11/17/15 : Today, following numerous teasers on the @finaleofficial twitter feed in the last few days, MakeMusic has released an incremental, but significant update to Finale 2014 they have dubbed “2014.5”. Although this is a maintenance update to Finale 2014, the installer leaves your original Finale 2014 application in place, allowing you to have both Finale 2014 and Finale 2014.5 installed at the same time. (You’ll have to redo your Finale workspace preferences and install any 3rd party plugins for this version, but in my opinion, well worth the few minutes this will take.)
FinaleScript™ can be used to create fairly complex changes to your score, but you can also use it to do simple tasks like call a single menu item quickly and easily. Since FinaleScripts can be mapped to keystrokes, you can use this to fill in the gaps in MakeMusic’s own shortcuts.
This post builds on concepts presented in these previous tutorials:
- Concert Pitch, Transposing and Octave-Displaced Instruments: A Prelude
- Octave-Displaced Staves in Concert Scores with Transposed Parts in Finale
- Finale’s Clef Designer (including instructions on creating a glockenspiel-friendly clef)
I’ll confess that despite using Finale for about 20 years there are some areas of the program that I’ve been reluctant to dip my toes into. One of those areas is the Specify Voicing setting in Managed Parts.
In orchestral scores, it is common to combine two similar instruments onto a single staff:
Text indicators like “1”, or “2” are used to show when a specific player plays a particular portion of the line. Following a passage where one player rests while another plays, a directive like “a2” or “tutti” shows that both / all players play the same line in unison from that point. By default, these text indications appear in both the score and parts, making it easy to identify who plays where.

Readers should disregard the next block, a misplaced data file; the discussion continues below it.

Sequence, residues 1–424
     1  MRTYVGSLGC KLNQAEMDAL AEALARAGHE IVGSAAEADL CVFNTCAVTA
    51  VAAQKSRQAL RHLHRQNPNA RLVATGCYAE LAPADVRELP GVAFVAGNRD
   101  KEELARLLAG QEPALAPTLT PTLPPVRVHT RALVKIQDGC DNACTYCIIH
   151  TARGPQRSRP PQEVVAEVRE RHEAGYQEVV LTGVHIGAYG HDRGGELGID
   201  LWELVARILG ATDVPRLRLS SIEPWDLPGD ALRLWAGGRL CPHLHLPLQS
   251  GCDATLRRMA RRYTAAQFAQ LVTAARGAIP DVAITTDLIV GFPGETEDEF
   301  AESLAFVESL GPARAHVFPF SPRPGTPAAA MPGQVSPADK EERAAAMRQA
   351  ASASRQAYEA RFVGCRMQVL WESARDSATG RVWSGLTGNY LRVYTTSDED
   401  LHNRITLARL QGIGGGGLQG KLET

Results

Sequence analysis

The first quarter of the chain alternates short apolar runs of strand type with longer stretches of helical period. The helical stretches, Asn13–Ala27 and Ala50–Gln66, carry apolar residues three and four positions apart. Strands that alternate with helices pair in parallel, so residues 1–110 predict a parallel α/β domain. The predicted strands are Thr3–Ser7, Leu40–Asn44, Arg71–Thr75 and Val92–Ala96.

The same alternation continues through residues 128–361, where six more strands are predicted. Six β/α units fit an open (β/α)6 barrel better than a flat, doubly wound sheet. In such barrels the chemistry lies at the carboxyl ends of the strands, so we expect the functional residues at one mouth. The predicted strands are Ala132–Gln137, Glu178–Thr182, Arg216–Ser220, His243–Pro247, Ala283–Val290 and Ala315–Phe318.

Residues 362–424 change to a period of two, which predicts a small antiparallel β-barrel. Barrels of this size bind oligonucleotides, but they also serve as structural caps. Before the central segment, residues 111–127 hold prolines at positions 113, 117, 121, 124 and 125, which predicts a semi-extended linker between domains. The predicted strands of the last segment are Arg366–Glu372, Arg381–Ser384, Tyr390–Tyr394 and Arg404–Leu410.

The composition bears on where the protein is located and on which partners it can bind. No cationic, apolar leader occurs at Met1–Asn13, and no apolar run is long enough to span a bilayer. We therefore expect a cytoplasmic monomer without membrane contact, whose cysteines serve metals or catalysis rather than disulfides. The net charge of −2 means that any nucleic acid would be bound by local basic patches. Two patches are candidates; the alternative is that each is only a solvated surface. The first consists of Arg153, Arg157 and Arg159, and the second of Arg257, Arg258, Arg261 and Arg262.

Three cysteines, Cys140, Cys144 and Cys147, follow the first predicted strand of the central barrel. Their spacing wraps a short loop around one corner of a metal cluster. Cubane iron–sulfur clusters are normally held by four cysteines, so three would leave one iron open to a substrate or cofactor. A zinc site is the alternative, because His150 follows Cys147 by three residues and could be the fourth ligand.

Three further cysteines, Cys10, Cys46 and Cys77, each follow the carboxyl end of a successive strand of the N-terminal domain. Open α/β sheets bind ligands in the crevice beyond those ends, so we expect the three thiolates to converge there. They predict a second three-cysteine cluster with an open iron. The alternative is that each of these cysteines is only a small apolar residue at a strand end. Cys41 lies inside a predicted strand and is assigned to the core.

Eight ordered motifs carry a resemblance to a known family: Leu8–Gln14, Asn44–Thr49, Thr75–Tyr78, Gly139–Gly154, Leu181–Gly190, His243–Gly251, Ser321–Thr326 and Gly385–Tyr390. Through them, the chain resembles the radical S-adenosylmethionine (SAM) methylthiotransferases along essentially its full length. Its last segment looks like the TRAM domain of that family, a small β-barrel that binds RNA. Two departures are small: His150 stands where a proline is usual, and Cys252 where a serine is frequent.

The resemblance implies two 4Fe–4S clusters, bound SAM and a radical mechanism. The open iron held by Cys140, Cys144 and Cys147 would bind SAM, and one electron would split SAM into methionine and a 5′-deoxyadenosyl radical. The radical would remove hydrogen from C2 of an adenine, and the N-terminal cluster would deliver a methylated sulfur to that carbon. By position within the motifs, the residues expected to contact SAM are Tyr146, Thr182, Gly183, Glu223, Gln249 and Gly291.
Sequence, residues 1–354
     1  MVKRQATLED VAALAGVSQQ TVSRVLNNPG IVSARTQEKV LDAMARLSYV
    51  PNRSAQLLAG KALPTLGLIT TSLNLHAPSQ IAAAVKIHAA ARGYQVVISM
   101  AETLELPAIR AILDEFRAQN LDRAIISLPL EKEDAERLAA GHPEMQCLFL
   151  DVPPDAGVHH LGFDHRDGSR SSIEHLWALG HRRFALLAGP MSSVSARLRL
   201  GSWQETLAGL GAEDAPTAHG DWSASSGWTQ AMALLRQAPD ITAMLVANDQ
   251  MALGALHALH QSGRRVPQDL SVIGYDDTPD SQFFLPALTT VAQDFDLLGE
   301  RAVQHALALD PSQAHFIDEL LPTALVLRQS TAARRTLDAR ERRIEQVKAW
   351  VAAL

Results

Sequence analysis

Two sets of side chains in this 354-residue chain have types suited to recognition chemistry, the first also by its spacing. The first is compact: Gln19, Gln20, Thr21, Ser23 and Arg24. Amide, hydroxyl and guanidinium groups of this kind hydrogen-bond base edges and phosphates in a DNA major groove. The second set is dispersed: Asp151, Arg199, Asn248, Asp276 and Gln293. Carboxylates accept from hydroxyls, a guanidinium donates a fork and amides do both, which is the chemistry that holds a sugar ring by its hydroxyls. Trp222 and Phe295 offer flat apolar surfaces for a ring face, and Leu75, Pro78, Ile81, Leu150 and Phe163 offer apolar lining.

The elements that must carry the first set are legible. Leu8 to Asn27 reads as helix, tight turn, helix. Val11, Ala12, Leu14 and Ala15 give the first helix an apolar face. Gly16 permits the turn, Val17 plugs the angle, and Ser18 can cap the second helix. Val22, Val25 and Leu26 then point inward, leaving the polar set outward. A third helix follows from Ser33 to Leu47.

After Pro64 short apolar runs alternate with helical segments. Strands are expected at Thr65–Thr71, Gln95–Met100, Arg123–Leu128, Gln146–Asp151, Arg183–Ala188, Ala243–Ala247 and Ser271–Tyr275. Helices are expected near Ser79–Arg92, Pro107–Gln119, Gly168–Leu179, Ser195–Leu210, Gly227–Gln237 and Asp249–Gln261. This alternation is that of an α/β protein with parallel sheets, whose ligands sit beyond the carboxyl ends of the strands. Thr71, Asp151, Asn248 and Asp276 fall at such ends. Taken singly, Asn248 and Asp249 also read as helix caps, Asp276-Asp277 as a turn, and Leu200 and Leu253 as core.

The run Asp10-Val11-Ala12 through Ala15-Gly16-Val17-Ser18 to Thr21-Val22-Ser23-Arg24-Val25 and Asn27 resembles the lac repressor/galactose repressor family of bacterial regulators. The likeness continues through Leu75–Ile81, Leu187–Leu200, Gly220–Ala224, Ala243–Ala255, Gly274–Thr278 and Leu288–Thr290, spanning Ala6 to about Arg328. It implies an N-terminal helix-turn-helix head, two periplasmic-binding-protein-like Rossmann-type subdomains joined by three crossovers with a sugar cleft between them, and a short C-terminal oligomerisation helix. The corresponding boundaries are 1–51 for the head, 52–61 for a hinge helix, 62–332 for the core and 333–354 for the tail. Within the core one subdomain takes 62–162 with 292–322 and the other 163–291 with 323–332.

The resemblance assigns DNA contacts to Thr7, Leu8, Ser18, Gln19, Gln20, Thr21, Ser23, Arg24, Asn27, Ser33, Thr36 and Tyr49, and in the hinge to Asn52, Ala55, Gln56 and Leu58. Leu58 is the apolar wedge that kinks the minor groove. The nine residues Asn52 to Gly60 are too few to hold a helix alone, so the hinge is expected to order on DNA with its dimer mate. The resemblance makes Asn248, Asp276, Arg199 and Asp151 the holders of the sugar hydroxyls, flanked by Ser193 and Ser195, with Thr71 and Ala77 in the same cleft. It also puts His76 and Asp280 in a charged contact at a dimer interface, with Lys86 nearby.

Note the hidden text expression “both”. This technique serves a useful purpose, which I’ll explain in a moment.
There is a visual style preferred by many composers and orchestrators in which instrument group names are shown bracketing two or more staves, with numbers (1., 2. or I., II.) rather than individual instrument names showing for the specific instrument staves:
This is a nice presentation, which clearly shows how the orchestration is organized with a minimum of clutter. The method to create Multi-Stave Groups like the above in Finale, as well as a cool variation for group name display are covered in this post by my colleague Jon Senge.
However, while this works great for the score, it’s quite another thing if you are also creating the parts, because there are no longer unique identifiers for each instrument. When you get to the parts phase, you first have to figure out which staff goes with which instrument, and once you do, you have to manually type in each instrument name in the Linked Parts! Ideally, the instrument names should remain in the template for parts. So, how can we do this?
Back before there was such a thing as computer notation software, commercial music copyists working with pen and ink used a technique called “Advancing the Layout”.
To illustrate, I’ll use French Horn parts in an orchestral score. In this hypothetical score, there are a lot of commonalities between the four horn parts:
- The four horns always enter together.
- Horns are in unison for a good portion of the score.